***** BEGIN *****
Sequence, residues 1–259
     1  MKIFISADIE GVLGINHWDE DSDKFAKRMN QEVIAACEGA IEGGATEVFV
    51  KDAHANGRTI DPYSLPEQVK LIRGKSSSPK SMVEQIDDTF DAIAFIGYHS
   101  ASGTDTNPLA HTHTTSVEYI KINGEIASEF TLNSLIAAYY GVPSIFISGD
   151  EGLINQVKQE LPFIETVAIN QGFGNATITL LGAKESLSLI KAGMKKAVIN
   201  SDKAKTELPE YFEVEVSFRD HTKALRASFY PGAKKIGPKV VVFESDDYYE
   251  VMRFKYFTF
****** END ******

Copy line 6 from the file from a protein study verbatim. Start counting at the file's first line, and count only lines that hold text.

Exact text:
   201  SDKAKTELPE YFEVEVSFRD HTKALRASFY PGAKKIGPKV VVFESDDYYE